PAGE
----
**Kinetic energy** From Wikipedia, the free encyclopedia

The

**kinetic energy** of an object is the

energy which it possesses due to its

motion.

^{[1]} It is defined as the

work needed to accelerate a body of a given mass from rest to its stated

velocity. Having gained this energy during its

acceleration,

the body maintains this kinetic energy unless its speed changes. The

same amount of work is done by the body in decelerating from its current

speed to a state of rest.

The speed, and thus the kinetic energy of a single object is

frame-dependent (relative): it can take any non-negative value, by

choosing a suitable

inertial frame of reference.

For example, a bullet passing an observer has kinetic energy in the

reference frame of this observer, but the same bullet is stationary, and

so has zero kinetic energy, from the point of view of an observer

moving with the same velocity as the bullet.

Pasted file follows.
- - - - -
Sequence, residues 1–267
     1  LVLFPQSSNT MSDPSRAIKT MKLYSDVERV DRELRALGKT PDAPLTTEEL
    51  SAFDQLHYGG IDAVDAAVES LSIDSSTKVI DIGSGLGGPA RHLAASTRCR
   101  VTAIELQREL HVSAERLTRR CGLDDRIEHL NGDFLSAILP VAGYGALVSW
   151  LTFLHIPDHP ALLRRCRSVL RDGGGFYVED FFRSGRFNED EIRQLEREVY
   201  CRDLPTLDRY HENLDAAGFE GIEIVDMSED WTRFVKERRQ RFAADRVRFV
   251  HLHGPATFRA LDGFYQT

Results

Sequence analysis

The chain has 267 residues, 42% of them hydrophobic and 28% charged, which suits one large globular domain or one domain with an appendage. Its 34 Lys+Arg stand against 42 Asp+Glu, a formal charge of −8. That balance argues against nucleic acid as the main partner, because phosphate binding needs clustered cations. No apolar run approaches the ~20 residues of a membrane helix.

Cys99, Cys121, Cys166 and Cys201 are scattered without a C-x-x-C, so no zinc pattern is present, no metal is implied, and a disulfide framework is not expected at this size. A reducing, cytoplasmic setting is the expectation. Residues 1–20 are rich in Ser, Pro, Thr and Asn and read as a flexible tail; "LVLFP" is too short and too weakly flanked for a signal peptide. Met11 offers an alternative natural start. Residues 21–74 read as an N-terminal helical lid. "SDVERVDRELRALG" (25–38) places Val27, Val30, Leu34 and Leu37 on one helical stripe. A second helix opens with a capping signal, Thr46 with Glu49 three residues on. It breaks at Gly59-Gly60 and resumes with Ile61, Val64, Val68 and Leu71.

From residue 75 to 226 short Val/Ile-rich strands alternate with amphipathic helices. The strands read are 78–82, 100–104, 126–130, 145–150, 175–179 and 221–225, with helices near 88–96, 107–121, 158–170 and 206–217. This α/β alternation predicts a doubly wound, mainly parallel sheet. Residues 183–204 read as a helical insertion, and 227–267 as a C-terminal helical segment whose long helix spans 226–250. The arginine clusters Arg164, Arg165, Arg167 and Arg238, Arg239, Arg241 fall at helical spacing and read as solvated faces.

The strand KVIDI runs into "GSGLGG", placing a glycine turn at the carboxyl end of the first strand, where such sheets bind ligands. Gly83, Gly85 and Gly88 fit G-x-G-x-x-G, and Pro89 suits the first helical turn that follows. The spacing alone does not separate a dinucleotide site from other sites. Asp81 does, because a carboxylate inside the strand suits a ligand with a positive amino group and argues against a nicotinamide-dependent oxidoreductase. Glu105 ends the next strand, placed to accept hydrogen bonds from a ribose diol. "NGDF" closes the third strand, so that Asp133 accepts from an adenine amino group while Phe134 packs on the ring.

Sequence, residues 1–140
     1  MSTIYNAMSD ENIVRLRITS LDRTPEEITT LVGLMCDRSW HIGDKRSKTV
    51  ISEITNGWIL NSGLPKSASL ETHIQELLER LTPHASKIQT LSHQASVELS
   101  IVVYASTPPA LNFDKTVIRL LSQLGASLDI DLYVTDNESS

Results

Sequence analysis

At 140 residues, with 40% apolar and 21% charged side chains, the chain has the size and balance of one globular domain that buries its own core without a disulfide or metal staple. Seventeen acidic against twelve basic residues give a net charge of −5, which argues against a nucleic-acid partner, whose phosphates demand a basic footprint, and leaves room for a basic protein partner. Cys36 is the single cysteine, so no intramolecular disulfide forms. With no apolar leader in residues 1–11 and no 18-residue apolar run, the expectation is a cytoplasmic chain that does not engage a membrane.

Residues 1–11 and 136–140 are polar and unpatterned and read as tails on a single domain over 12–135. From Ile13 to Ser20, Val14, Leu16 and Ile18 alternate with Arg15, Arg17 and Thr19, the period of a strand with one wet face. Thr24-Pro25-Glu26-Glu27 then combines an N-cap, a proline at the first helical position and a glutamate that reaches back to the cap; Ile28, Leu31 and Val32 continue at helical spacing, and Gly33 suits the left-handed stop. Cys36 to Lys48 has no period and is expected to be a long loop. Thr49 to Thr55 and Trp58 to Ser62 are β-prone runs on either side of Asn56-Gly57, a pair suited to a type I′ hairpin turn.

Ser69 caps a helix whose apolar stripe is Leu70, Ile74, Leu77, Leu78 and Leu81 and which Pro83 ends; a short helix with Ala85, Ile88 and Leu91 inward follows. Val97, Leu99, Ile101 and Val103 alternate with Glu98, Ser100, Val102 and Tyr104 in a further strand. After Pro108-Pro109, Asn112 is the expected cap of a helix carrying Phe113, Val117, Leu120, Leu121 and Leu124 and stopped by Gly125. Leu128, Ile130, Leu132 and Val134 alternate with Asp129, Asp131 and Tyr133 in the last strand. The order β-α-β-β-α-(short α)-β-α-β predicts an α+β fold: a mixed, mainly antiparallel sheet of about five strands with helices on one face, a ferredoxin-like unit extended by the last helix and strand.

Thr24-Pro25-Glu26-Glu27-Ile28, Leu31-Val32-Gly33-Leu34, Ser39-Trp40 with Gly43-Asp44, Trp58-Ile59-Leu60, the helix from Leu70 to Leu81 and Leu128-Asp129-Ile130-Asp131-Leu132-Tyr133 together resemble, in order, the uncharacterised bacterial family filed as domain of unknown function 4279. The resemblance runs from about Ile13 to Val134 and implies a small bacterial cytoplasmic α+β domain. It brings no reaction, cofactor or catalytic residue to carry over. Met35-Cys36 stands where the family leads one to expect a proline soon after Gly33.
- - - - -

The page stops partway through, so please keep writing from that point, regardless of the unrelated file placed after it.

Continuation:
^{[2]} By contrast, the total kinetic energy of a system of objects cannot be

reduced to zero by a suitable choice of the inertial reference frame,

unless all the objects have the same velocity. In any other case the

total kinetic energy has a non-zero minimum, as no inertial reference

frame can be chosen in which all the objects are stationary. This

minimum kinetic energy contributes to the system's

invariant mass, which is independent of the reference frame.

The cars of a

roller coaster reach their maximum kinetic energy when at the bottom of their path.

When they start rising, the kinetic energy begins to be converted to

gravitational

potential energy. The sum of kinetic and potential energy in the system remains constant, ignoring losses to

friction.